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For those involved in agility, I have an issue I have never been involved in agility as a sport, but last summer I believe, I had a friend make a few agility pieces for my yard. They were actually made for Newlie, but we were only able to do a few things before he got sick and died.

So, fast foward now to Rocky. At first, I tried to get him up the A frame and he invariably swerved around it. But, one day at the trainer's house, I asked the trainer to take him up the A frame in his yard and they did it several times with no problem. He then handed the leash to me and I took Rocky over several times. When I tried it again at home, I borrowed the little girl next door and she would shout encouragement to Rocky, as I did, and he went over fine.

The problem is, he seems a little too over enthusiastic now, for lack of a better word, and I am afraid he is going to hurt himself. He has several times when we are out there started up the A frame himself, which wouldn't be a problem, except that that he does things like get to the top of the frame and attempt to jump off (I blocked him and made him go down the backside), he will jump off midway down the backside instead of running all the way down and yesterday, he decided to go up himself, got part of the way up, got too near to the edge and fell off. Thankfully, he does not appear to have hurt himself.

I could really use some advice.
 

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I’m no expert- is your A frame adjustable. If it is maybe lower it so it is possible to guide the dog over it. If not can you have the A frame made where it’s lower to the ground and not as high and start with that first then go to the higher a frame. There are tons of helpful agility videos on you tube!
 

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that's not abnormal. You need to teach him to go to the bottom. that's where your reward is. Put a plate, or lid, at the bottom with food. Lead him down and give him a wait command. You need to teach him to touch the bottom third of the A-frame anyways.
 

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I'm no agility expert and won't claim to be, but when I attended classes with my SIL and Golden to watch and learn about it, her agility trainer emphasized that before a dog can begin the A-frame as a whole, they need to understand the importance of making contact with the yellow mark, or at the very least understand the "get it" command, where they stop at a certain point to receive a reward. Granted, this is just how her instructor taught it, but I thought it was a good point.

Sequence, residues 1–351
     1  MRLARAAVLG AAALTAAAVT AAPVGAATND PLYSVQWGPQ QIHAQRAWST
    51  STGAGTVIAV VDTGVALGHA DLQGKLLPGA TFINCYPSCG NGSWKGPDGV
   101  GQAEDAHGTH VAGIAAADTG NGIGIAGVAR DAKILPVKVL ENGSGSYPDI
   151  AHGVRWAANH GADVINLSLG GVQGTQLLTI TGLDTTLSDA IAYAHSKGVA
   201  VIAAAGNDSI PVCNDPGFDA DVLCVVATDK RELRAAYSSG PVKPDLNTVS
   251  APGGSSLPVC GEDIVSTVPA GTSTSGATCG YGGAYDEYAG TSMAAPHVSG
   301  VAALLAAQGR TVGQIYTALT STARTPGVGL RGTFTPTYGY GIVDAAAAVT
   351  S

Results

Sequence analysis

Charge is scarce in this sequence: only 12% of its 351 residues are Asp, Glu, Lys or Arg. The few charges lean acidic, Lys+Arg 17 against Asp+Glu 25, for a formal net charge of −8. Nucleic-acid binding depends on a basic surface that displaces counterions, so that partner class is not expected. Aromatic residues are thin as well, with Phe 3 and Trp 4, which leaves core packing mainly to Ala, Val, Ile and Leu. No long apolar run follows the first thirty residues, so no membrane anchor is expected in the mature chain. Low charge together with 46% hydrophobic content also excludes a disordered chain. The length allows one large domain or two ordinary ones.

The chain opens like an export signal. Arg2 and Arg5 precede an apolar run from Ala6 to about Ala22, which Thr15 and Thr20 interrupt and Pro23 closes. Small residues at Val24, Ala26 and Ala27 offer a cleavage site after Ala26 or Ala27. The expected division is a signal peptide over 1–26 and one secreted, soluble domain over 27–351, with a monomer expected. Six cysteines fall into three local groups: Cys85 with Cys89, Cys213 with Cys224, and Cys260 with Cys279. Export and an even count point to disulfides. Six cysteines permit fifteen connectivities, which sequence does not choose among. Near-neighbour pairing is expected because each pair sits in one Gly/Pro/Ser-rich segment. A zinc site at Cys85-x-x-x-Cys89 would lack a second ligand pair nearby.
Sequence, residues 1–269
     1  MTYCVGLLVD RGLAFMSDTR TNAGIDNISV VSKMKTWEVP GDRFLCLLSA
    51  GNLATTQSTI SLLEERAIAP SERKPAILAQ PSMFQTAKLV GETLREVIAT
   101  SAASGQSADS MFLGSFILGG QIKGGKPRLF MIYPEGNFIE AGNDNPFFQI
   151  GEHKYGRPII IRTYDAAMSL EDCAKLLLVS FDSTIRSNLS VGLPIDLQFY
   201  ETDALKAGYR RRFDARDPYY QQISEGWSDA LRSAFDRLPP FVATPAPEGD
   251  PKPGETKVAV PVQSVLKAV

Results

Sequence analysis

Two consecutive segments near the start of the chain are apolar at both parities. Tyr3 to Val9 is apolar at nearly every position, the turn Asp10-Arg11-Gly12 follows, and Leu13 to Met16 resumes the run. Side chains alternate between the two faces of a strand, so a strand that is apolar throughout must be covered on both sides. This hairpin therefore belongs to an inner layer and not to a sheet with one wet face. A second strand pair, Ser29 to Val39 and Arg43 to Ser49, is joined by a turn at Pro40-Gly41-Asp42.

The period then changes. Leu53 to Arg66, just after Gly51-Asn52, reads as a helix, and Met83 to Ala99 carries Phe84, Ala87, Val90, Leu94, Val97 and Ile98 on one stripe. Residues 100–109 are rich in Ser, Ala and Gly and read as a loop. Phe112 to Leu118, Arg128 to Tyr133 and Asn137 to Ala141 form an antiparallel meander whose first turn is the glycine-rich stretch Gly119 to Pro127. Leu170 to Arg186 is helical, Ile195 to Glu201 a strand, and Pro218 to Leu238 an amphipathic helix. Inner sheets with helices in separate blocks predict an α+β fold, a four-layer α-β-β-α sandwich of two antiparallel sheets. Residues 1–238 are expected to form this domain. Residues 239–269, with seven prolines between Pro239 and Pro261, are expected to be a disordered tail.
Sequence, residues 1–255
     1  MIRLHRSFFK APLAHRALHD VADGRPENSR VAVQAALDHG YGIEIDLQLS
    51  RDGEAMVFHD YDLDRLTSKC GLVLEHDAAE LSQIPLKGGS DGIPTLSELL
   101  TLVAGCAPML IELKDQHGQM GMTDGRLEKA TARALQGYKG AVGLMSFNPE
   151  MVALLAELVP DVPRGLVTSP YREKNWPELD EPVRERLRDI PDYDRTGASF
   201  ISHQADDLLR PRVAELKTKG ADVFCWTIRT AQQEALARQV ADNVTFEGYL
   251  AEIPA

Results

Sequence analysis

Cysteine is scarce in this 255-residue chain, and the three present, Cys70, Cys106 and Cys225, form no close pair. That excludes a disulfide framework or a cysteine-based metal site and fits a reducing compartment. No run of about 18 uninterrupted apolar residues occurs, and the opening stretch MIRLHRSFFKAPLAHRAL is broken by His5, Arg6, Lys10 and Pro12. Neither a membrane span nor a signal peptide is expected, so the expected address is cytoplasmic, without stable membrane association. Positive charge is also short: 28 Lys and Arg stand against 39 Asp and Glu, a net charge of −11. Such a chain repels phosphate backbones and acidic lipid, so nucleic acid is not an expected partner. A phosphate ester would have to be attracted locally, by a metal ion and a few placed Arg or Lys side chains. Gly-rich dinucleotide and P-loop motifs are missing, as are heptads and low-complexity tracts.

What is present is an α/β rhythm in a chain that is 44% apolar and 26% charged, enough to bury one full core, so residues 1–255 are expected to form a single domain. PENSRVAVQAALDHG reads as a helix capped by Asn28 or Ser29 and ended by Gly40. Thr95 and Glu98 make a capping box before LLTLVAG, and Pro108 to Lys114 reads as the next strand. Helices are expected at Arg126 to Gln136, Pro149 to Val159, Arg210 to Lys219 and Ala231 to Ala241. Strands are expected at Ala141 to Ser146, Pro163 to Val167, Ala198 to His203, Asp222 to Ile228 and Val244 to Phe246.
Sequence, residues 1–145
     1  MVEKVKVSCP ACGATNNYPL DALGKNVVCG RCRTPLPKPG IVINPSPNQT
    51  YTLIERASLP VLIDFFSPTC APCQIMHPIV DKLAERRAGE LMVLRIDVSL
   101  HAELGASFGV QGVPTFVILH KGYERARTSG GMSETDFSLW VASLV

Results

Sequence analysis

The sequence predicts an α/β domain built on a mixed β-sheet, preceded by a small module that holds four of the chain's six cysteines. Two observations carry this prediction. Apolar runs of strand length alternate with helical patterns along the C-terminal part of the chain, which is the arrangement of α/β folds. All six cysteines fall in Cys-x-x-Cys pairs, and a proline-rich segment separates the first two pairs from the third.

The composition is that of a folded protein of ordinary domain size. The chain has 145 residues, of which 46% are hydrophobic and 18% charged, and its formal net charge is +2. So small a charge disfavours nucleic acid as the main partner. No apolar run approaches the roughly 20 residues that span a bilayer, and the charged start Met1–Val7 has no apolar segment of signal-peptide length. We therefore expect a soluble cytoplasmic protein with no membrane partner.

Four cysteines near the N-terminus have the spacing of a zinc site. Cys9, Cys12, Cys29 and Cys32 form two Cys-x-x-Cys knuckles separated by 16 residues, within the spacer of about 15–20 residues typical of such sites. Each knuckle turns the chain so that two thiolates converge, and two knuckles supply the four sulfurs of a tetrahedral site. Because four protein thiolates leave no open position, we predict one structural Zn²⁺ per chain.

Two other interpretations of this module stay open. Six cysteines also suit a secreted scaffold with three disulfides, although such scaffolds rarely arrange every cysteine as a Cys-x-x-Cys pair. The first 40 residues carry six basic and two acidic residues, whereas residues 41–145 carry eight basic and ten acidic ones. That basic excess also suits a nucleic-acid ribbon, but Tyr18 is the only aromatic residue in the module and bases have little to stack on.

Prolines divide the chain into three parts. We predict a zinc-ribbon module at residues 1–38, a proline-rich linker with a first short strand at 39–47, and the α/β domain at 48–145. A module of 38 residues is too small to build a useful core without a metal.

She kept the A-frame height very low while initially teaching it. Instead of having the dog go all the way up and over to begin with, she would either pick the dog up if it was small enough or have the owner back their dog up onto it (this was also taught prior to the A-frame), then have them walk a few short steps to the yellow mark and reinforce the contact/reward command. Once the dog showed understanding for stopping at the contact point, then she would have them go up and over slowly. Dogs normally want to go fast, especially if they want their reward, but she reminded the handlers to remain calm and almost quiet while having the dog go up and over - no big praise or excited voices to goad them over. Just a calm walk towards it, a calm, "get it", and then big praise after it was done.
 

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Agree with the above.

If he likes the obstacle and doesn't need any cheerleading, teach a "bottom" command, which is what you reward for. I use "FEET!" - dog has to stop with two feet on, two feet off, and then you jackpot the bottom - I feed multiple pieces, but one at a time, making the dog hold the two-on, two-off, until released.

Some people use plates or targets, I've had good luck with my very fast dog by giving the "FEET!" command as soon as she's at the apex of the A-Frame, before she even begins her descent. Sometimes it comes out of me like "CLIMB-FEET" because the difference is only a second or two, if that.

Safety note - slamming to a halt at the bottom puts a lot of stress on their shoulders, as they halt all forward movement and take the inertia in their upper body. The bigger the dog, the more mass they're slamming to a halt. I would only do a few repetitions of this at a time, don't do dozens of reps. When we work bottom contacts in class with the obstacles at full height, we only do it 5-6 times and then move to something else - unless you're doing running contacts, but I think you'll have better clarity asking for two-on, two-off with Rocky. JMHO.
 
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